Colombia’s ruling party facing headwind in local elections

With President Ivan Duque under almost constant criticism and former President Alvaro Uribe facing trial, Colombia’s local elections couldn’t have come at a worse time for the country’s far-right ruling party.

The October 27 vote is the far-right Democratic Center’s (CD) second local elections in its six-year history. It was still in the process of building its regional power bases.

Over the past four years, its one governor and 154 mayors have successfully avoided the corruption scandals that have marred Colombia’s politics since the beginning of the Republic.

In fact, of its 664 officials elected in 2015, only 38 were sanctioned, making the CD on a local and regional level the least corrupt political party after the Green Alliance (AV) party and indigenous authorities.

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Party activists have been working like mules in an attempt to cash in on that achievement and expand the party’s local and regional power, but national politics are in the way.

Duque’s election last year promised favorable conditions, but by November the president saw his approval rating dropping below 30%, and he has hardly been able to improve this.

The common sentiment is that the government is failing and generating high levels of pessimism throughout the country, according to the pollsters.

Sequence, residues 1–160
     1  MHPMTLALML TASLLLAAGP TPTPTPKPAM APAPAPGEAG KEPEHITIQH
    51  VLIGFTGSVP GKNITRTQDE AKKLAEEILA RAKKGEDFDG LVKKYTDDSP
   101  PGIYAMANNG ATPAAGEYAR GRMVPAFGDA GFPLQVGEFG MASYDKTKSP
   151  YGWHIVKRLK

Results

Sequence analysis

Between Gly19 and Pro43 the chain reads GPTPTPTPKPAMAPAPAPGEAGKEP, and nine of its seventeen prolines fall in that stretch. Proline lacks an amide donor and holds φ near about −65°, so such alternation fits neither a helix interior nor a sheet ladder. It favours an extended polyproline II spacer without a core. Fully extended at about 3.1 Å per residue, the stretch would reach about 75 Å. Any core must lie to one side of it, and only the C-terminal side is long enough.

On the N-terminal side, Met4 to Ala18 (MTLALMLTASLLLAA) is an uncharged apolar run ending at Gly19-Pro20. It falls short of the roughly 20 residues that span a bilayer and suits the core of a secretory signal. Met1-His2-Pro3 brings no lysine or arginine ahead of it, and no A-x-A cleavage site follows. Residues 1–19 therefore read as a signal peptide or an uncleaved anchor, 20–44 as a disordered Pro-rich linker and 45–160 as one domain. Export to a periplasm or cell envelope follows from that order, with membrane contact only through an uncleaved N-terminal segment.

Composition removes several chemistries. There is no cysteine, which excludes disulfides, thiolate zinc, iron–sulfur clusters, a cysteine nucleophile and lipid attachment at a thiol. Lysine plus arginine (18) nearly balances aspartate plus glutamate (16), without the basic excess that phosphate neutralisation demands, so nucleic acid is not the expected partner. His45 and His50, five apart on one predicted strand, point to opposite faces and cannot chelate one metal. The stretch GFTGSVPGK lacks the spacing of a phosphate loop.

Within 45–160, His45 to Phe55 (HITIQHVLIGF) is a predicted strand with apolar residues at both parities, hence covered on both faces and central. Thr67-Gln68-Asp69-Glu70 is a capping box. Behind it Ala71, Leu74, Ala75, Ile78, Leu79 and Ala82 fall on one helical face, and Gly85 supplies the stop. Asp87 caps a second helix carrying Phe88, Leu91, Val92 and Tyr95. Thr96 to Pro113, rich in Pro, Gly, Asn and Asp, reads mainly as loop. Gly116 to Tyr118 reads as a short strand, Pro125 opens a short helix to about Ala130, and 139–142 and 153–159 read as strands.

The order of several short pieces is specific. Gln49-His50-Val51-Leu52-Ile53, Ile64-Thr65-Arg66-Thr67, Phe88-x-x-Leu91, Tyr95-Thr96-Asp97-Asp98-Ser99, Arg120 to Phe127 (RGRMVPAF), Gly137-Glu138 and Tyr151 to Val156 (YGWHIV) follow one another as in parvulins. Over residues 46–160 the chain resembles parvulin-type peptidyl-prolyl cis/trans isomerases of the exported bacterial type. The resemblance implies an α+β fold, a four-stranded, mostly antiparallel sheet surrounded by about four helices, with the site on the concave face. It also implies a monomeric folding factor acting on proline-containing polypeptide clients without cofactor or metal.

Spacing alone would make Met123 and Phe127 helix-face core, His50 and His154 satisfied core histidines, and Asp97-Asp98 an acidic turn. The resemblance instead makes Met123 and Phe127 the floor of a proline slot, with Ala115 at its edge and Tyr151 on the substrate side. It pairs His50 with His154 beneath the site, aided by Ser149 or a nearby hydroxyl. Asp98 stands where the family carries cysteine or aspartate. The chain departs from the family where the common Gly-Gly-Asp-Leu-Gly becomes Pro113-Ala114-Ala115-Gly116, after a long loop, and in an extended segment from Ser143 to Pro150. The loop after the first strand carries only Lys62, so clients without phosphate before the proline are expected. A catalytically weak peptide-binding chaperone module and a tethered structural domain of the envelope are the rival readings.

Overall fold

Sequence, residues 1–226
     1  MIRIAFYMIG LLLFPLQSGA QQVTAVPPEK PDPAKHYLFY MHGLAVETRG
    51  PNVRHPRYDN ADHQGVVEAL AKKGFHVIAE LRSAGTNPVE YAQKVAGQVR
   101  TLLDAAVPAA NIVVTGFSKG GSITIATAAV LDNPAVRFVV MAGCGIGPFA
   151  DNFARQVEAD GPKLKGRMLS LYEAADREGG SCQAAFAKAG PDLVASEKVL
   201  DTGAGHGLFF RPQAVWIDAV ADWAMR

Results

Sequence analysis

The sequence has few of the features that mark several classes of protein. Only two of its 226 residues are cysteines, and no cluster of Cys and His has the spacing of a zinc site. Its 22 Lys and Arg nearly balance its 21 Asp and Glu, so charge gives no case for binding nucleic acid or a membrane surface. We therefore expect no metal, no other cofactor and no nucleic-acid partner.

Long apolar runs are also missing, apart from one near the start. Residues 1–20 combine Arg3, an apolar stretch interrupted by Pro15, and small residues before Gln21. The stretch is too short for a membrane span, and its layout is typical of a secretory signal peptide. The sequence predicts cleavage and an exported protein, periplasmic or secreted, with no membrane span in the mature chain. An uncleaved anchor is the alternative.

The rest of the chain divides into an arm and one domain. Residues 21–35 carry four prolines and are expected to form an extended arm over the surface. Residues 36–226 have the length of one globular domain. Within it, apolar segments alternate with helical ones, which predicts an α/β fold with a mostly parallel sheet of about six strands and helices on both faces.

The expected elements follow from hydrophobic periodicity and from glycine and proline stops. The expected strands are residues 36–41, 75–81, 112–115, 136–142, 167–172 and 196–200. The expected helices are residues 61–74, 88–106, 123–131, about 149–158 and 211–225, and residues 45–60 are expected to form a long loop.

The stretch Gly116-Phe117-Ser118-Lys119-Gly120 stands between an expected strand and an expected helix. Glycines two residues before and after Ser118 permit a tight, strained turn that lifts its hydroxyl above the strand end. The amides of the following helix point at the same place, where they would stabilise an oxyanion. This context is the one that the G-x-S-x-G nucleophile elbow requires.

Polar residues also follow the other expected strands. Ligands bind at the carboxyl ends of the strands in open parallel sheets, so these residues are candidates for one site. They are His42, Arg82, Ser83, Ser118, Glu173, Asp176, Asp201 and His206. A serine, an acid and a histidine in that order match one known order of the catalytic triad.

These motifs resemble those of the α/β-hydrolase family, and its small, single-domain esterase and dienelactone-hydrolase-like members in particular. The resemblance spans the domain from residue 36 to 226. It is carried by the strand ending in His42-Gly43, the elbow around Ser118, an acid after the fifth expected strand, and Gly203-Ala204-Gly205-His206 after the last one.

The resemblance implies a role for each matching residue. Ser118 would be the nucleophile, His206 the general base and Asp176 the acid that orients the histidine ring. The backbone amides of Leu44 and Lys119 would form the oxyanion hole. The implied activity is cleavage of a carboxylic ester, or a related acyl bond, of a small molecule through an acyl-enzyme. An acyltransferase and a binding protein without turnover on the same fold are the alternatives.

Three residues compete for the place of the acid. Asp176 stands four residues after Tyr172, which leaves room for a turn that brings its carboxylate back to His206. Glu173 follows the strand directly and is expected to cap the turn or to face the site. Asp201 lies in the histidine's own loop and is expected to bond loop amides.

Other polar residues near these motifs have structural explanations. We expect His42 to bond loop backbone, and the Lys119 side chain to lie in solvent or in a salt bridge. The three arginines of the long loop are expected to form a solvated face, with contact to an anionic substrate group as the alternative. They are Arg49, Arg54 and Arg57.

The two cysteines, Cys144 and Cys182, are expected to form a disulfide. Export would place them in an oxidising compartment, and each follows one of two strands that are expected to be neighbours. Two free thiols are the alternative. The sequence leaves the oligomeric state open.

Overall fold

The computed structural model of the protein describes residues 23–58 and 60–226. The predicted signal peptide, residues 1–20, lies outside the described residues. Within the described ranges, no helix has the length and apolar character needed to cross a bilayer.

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Colombia’s Supreme Court decision to call Uribe to trial in the middle of the elections campaign made things even worse.

A handful of radicalized members have been threatening with a civil war, which has been used to scare off moderate voters who would be willing to hear the CD’s candidates’ ideas on regional issues.

Uribe’s fraud and bribery case is the perfect propaganda for all local and regional AV candidates, whose consistent campaigning against corruption is only made more relevant.

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Despite the regional CD officials’ relatively clean record, the party’s candidates are suffering damage. The moral authority they have acquired in opposition to the traditionally corrupt regional elites has lost all momentum.

The CD activists are going to have to work twice as hard if they want to prevent the chaos in Bogota to kill their local and regional ambitions.

If they fail and are unable to defeat the traditional elites, changes are that the 2022 congressional and presidential elections are going to be a disaster for the party.

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